CFM92635 - Debt cap: anti-avoidance rules: general: UK company is not party to particular transactions
A UK company does not have to be a party to transactions that make up the scheme for the anti-avoidance rules to apply
Given the nature of the debt cap rules, it is possible that both the gateway and financial exclusion test in TIOPA10/PT7/CH2 could be passed as a result of schemes entered into by non-UK group companies. It is also possible that the calculation of the available amount could be increased as a result of schemes entered into by non-UK group companies. The rules within Chapter 5 allow financing income received by a UK member of the group from a group company resident in the EEA (apart from the UK) to be exempted where the EEA group company is denied relief for paying that income. It is possible that the UK group company is not party to a scheme that is designed to secure that an amount of financing income is not taxed in the UK.
Each of the three sets of anti-avoidance rules within Chapter 6 tests the purpose of any party entering into the scheme. That party does not necessarily have to be able to directly benefit from the outcome of the scheme, or be the subject of the particular counteraction required where the anti-avoidance rules apply.
Example of a scheme designed to increase the available amount
A back to back arrangement demonstrates how the rules work in such circumstances. Consider an overseas headed group: company A and company B are both members of the group but are not UK group companies. Company A borrows £1 billion from a bank at an interest rate of 3-month LIBOR + 200 basis points (bp) and invests the proceeds in company B, which in turn deposits the money back with the bank receiving interest at 3-month LIBOR + 175bp. The consolidated financial statements of the group will either show the interest payable on the borrowing and the interest receivable on the deposit as separate amounts, or it will show the net cost of the scheme to the group (which is 25 bp per year).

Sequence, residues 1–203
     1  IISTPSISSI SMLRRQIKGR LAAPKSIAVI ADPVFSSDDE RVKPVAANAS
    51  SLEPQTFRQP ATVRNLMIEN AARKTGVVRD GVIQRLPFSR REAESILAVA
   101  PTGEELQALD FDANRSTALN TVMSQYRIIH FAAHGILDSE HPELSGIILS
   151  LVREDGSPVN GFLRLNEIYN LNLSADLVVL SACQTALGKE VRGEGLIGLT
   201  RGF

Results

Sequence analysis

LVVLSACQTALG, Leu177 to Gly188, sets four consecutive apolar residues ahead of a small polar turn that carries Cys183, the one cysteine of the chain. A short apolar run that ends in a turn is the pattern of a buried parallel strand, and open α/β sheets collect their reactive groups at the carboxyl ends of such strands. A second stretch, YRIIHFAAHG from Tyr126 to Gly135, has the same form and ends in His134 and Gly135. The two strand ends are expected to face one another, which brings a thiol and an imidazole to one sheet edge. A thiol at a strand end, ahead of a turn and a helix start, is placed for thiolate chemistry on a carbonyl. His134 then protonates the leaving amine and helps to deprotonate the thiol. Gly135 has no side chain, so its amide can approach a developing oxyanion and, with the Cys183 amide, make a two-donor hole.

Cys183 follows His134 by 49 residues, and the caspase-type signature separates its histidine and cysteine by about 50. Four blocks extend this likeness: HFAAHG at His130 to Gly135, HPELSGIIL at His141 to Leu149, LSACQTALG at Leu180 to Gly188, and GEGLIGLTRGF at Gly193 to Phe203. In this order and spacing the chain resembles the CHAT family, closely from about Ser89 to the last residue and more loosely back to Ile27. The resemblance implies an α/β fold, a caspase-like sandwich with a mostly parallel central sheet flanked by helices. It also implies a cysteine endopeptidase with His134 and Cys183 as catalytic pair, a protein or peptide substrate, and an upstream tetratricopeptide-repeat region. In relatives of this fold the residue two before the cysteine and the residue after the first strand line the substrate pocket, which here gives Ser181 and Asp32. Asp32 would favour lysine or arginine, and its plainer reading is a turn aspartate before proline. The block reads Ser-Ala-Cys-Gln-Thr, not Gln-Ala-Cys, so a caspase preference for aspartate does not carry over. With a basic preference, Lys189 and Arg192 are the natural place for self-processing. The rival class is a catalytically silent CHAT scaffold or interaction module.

The scheme is designed to increase the available amount for the UK members of the group. For the purposes of calculating the available amount, the interest payable by company A is included but the interest receivable by company B is ignored. The scheme is made up of the borrowing, the investment of company A in company B and the associated deposit. The main purpose of both companies A and B in entering into the scheme is to secure a higher available amount for the UK members of the group. While the group may argue that company A has a commercial purpose for borrowing, the test does not consider company A’s purpose in just borrowing the £1 billion - it considers company A’s purpose in entering into the scheme. The scheme does not produce a profit for the group and aside from tax considerations there is no discernible commercial purpose for company A entering the scheme.
None of the UK members of the group are direct parties to the scheme. They are not involved in the transactions that make up the scheme. They are beneficiaries of the scheme; they stand to benefit from the outcome of the scheme as the increased available amount will reduce and perhaps eliminate the total disallowed amount. However the anti-avoidance rules do not require that the main purpose test has to be satisfied by a party who both enters the scheme and benefits from the scheme.
Consequences for self-assessment
Can a company that benefits from a scheme but is not involved in any of its transactions self assess its corporation tax liability - how does it know it needs to take counteraction? A company, or the person signing the CTSA return, should be aware if any of its finance expense amounts are not included in the tested expense amount; the company should also be aware whether its financing income amounts being taken into account for the purpose of the debt are higher than they ought to be. A company should also be able to enquire whether it is the beneficiary of a scheme to for example increase the available amount. The company should be aware of any schemes that are intended to frustrate the debt cap rules and should ensure that beneficiaries of such schemes are informed.